Navigating EPC B: the energy efficiency gap in commercial offices

The UK Government’s net-zero plan brought new regulations for energy efficiency in commercial buildings into effect in April 2023. Now, landlords of commercial offices must meet Minimum Energy Efficiency Standards (MEES) to let their spaces.

April 2023’s changes have minimal impact on the market today, but it faces upheaval as rules tighten in the run-up to 2030.

This article summarises the regulatory milestones and highlights how building owners can navigate these changes.

Comparable regulation exists in cities around the world. For instance, Amsterdam implemented a requirement for EPC C in 2023, rising to A by 2030.  Similarly, as part of the Climate Mobilization Act, all New York buildings must meet emissions reduction targets of 40% by 2030.

Diagram showing commercial property EPC compliance in years

What are the EPC B energy efficiency standards?

The MEES legislation came into effect in 2018. Since April 2023, commercial properties in the United Kingdom must have an Energy Performance Certificate (EPC) rating of E or above.

An EPC outlines a property’s energy efficiency rating on a scale from A to G. The associated report contains a potential maximum efficiency rating for the building and a list of recommended improvements.

The Government outlined milestones to incentivise early action, with incremental targets leading up to 2030, when commercial properties must have an EPC B rating.

Image of EPC A rated office building in London Architecture of Lidl's EPC A rated UK Headquarters in London

Office market risks as the EPC B deadline looms

While 10% of commercial property is affected today, this will grow to more than 80% by 2030. With only 20% of the market meeting EPC B, renovations must begin to meet the shortfall.

There is already a demand for buildings with sustainability credentials, which command premium rents and incur lower running costs. With more companies taking steps to reduce their impact and reporting on their environmental footprint, the need will continue to grow.

Large companies in markets like the Netherlands must already report their Scope 3 emissions from construction projects, signifying that whole-life carbon accounting will soon become a regulatory norm. For example, Danish regulators now require 50 year lifecycle assessments on all new buildings, with a limit of 12 kg CO2 equivalent per square metre per year for those over 1000 sq m.

Image of a lounge in an EPC A rated London office building Interior designed for HFW inside the UK’s tallest EPC A rated building.

What should building owners do next?

Landlords are advised to initiate renovations focusing on energy efficiency, to guarantee their properties remain marketable when new regulations are implemented. Engage a professional team early, as these changes can take years to implement. In the medium term, many landlords will likely consider adapting their properties. This could involve restacking for improved efficiency, incorporating mixed-use elements, or even rebranding to attract a broader range of tenants.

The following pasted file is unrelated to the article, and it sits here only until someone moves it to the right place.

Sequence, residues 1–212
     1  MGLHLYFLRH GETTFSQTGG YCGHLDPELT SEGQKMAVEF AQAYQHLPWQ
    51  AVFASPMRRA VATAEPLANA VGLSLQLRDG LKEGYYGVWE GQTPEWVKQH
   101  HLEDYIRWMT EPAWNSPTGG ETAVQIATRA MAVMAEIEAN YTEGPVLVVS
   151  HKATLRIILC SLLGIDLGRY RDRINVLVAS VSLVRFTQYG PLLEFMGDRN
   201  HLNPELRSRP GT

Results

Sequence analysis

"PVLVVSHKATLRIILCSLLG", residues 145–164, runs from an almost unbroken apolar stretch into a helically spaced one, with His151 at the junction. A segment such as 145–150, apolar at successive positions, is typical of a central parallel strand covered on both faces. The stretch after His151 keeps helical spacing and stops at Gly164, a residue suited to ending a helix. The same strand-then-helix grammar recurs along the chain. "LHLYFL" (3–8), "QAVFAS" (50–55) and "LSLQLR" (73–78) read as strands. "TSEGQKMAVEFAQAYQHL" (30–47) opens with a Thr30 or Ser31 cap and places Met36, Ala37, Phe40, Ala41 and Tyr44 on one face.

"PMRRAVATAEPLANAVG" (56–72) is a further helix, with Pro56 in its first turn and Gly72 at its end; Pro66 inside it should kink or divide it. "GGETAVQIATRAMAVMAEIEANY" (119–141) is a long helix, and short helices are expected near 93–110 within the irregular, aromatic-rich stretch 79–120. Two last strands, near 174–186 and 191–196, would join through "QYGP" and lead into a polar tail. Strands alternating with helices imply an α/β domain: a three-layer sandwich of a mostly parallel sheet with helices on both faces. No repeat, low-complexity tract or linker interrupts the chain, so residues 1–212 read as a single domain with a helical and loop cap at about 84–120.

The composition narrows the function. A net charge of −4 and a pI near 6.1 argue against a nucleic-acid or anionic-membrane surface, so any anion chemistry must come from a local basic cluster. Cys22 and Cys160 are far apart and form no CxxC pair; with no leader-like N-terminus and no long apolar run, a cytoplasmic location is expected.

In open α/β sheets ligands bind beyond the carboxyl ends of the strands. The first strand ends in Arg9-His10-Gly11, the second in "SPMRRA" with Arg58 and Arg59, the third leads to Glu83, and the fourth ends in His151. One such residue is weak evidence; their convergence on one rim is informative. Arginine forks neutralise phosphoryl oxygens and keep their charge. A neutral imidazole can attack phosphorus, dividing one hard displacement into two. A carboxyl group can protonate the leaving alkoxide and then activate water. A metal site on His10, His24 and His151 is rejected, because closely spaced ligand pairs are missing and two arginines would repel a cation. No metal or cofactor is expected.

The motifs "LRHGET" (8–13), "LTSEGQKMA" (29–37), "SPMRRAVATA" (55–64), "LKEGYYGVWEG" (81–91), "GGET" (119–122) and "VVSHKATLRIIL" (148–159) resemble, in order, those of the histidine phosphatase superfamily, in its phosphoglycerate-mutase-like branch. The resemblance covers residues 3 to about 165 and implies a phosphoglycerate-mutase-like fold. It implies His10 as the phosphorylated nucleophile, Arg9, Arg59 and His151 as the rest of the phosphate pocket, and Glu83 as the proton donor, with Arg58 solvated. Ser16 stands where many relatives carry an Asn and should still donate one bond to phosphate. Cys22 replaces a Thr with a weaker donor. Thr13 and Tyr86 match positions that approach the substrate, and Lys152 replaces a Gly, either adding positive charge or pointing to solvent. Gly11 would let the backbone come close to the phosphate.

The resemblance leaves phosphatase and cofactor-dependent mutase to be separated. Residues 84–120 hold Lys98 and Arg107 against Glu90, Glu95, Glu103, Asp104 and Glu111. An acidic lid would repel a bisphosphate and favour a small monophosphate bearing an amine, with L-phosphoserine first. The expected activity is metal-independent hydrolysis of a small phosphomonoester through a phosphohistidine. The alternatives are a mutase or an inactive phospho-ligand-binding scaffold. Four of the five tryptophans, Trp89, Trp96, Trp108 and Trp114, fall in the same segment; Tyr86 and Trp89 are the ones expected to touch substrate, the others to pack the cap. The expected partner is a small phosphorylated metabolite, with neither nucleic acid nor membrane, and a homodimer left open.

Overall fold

M Moser’s history of working directly with occupiers provides a rich understanding of their changing needs. Our strategy consulting team helps tailor your property to these requirements and maintain competitiveness.

Our due diligence approach blends architecture, design, engineering, sustainability and strategy to cut through the noise around decarbonisation and extract more value from assets.

Julian Rimmer, Director

How to prepare for EPC B

Embarking on a building adaptation or renovation journey begins with understanding your unique goals and challenges. Our team is here to guide you through this initial phase, setting a clear path forward. M Moser’s architecture and interior design teams are backed by global practice areas. These include strategy consulting, placemaking, sustainable design, smart buildings and net zero engineering.

Energy efficiency gap analysis

Understanding the gap to EPC B is crucial. We’ll provide a thorough analysis to identify where improvements are needed, helping you prioritise solutions. Our detailed report will weigh the benefits based on impact, programme and cost-effectiveness.

Repurposing study

A detailed repurposing study can help you reclaim your property’s value. We delve deep into the possibilities of renewing its purpose for those who use it or redefining its position in the community. Explore various scenarios to meet your business goals while ensuring the building is equipped for a net-zero operational future.

Get ahead of 2030

Whether you’re in the early stages of planning or ready to execute a specific project, our team is eager to assist. Contact us to discuss how our expertise in architecture, interior design and strategic consulting can bring your vision to life. We’re committed to tailoring our services to your unique needs to expand the built environment’s potential.

Julian Rimmer

Global Director

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